I was stationed at the Mare Island Naval Shipyard in the Summer of 1974. I had the duty one weekend evening and received a phone call from one of the civilian yard personnel.
He informed that he had been aboard and old diesel submarine that afternoon. The boat was moored along side a pier in the Richmond area of the San Francisco Bay.
He described the submarine and told me that he went aboard and looked around above and below the main deck. His description fit CHARR perfectly.
I had been a member of the 1969 decommission crew and knew that CHARR had become a Navy Reserve Division in the Alameda area.
The next weekend, I packed up the family in our 1967 Pontiac Station Wagon and went looking for my old home.
Soon after driving on the water front access road, I spotted the familiar sail area of a diesel submarine.
The numbers, 328, painted on the sail were covered with paint and were not visible. I spotted other features, dents, repairs and equipment that convinced me that this boat was the former USS CHARR SS-328.
I took the above photo to back up my observation.
RATON BLUEGILL BREAM TUNNY CHARR
PETTY OFFICERS MCGEE AND WEBSTER
MANEUVERING ROOM PROPULSION CUBICLE
SILVER FOX PROCLAMATION
A TEAM THAT IS HARD TO BEAT
LCDR DRADDY PO JARDINE PO ANDERSON PO JOHNSON CDR HARRIS
USS CORAL SEA GULF OF TONKIN USS CHARR
On March 26, 1965 units of the US Seventh Fleet began their participation in Operation Rolling Thunder, a systematic bombing of military targets throughout North Vietnam. Pilots from the USS Coral Sea CVA 43 struck island and coastal radar stations in the vicinity of Vinh Son.
On that date Carrier Air Wing 15 embarked in USS Coral Sea was tasked with an ALPHA strike against North Vietnamese air search radar facilities on Bach Long Vi Island, which is located about 70 miles offshore roughly midway between Haiphong and the Chinese island of Hainan. The raid failed to knock out the radars and lead to the loss of three aircraft. However no pilots were loss.
The USS Charr began conducting surveillance operations of such radar stations in February of that year and was on station at Bach Long Vi Island during that raid.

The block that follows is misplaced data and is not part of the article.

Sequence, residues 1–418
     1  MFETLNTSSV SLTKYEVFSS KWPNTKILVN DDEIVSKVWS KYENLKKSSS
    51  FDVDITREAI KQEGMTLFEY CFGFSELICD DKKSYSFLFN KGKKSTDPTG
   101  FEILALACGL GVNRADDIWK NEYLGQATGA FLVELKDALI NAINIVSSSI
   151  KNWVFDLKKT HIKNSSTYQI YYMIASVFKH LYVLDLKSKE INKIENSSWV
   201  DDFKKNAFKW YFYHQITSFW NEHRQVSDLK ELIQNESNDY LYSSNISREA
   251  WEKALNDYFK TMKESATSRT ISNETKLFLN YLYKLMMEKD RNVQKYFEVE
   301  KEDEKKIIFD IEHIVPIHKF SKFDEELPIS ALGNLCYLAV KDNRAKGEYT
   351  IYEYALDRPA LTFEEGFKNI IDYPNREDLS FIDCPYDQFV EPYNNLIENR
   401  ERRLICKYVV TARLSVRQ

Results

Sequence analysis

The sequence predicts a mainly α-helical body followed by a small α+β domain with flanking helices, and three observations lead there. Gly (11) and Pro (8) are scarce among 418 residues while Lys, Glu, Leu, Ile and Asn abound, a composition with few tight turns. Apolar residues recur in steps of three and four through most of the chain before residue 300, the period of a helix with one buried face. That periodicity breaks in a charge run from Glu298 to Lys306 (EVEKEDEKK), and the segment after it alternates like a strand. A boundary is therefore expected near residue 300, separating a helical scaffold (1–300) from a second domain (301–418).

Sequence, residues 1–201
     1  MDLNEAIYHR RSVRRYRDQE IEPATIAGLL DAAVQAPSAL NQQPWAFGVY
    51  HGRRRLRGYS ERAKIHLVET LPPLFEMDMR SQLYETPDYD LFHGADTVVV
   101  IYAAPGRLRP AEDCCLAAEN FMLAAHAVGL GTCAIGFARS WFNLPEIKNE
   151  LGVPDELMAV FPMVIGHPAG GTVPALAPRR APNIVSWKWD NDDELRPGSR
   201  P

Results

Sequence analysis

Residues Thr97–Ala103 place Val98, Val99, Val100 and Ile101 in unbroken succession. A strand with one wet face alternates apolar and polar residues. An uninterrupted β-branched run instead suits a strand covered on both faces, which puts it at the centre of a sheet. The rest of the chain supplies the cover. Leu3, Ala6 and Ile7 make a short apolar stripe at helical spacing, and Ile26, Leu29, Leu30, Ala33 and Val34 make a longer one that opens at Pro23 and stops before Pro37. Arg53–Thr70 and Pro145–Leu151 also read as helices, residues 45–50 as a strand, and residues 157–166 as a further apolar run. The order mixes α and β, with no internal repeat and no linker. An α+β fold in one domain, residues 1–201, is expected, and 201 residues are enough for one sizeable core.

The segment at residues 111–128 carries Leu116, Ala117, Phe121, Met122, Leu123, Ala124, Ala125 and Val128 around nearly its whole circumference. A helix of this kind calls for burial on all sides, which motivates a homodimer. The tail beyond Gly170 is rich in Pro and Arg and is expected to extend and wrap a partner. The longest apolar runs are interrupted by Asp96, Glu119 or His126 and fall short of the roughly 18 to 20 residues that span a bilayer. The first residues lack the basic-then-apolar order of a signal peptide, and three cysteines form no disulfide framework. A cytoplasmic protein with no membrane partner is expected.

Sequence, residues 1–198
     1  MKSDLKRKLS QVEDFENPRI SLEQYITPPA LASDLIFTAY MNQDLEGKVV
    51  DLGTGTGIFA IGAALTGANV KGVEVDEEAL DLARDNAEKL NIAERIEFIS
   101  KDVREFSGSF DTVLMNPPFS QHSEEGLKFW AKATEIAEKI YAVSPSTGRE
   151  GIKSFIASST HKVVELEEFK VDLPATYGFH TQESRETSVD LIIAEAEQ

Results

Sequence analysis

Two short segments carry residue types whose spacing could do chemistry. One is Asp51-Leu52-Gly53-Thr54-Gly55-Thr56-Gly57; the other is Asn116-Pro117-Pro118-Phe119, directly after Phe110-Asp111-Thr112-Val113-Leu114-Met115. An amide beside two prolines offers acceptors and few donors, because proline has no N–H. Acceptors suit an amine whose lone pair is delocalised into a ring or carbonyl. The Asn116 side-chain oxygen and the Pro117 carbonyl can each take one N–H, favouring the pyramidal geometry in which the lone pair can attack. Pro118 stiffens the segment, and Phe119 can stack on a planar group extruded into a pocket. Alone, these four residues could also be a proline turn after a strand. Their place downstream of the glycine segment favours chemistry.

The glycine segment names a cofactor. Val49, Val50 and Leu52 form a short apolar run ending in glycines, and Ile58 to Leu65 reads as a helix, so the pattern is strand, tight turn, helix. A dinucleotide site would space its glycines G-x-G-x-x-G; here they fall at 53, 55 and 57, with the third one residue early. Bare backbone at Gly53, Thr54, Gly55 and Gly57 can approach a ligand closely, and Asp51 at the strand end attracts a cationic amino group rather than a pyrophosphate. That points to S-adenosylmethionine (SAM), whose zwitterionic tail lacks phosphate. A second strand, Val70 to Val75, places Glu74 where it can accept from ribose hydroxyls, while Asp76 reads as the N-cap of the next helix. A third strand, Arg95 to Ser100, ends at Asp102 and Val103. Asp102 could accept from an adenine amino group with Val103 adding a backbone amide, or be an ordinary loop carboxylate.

The air wing tried again on 29 March 1965, dispatching 70 aircraft against the target. As usual, the flak suppression aircraft went in first and took the brunt of heavy anti-aircraft fire. Three and a half aircraft were shot down with one pilot being loss.
CDR Jack H. Harris, CO of Attack Squadron 155 flying A-4E BuNo 150078, lost his engine to enemy fire while over the target and ejected just offshore the island. The USS Charr surfaced and picked him up within a matter of minutes.
LCDR Kenneth E Hume of VF-154, flying F-8D BuNo 148668, was hit while making a ZUNI rocket attack against an AAA site. Although a small fire was visible, Hume decided to try to get to Danang, but within minutes his F-8 suddenly went into a dive and plunged into the sea. His escort saw the canopy separate before water impact but Hume did not eject. After picking up CDR Harris and with the air raid still in progress the USS Charr remained on the surface in search of Hume without success. An oil slick from his aircraft was all that was visible. His remains were never recovered.
The “half” aircraft was CDR Pete Mongilardi, CO of Attack Squadron 153, whose A-4 was hard hit and bleeding fuel. He was able to meet up with a tanker aircraft which “dragged” him back to the USS Coral Sea, pumping jet fuel into the A-4 as fast as it bled out. CDR Mongilardi was recovered safely aboard Coral Sea.
CDR William N. Donnelly, CO of Fighter Squadron 154 flying F-8D BuNo 148642, had his controls shot out while in a dive-bombing run against an AAA site. He ejected while inverted at 450 knots and 1000 feet altitude, landing about 4 miles from the island. On the night of March 30th upon becoming aware that transmissions from CDR Donnelly’s emergency radio were being received the USS Charr surfaced and conducted a grid search but was unsuccessful in finding him. Later that day during the mid-watch, (12 noon to 4 p.m.) CDR Donnelly was sighted floating in his survival raft by aircraft which were in route to another bombing raid. His location was about 14 miles from the Charr which was submerged at the time. Once in receipt of this information LCDR John M. Draddy, CO of the Charr, surfaced and proceeded to CDR Donnelly’s location. Upon arrival at the site a fleet of Chinese junks were already there with no sight of CDR Donnelly or his raft. With belief that the junks had gotten to him first, LCDR Draddy quickly assembled an armed boarding party with the intention of rescuing him. However, before any action was taken LCDR Draddy received word that CDR Donnelly had already been picked up by a US Air Force HU-16 amphibian and the boarding party was dismissed. In his raft CDR Donnelly had successfully evaded North Vietnamese patrol boats for some 45 hours.
CDR Harris remained on the USS Charr for several days and was eventually high-lined to a Navy destroyer for return to the Coral Sea.
In appreciation of his stay on the Charr, CDR Harris made each crewman an honorary member of his squadron. Sadly CDR Harris was killed on 26 October 1966 in a fire aboard the USS Oriskany.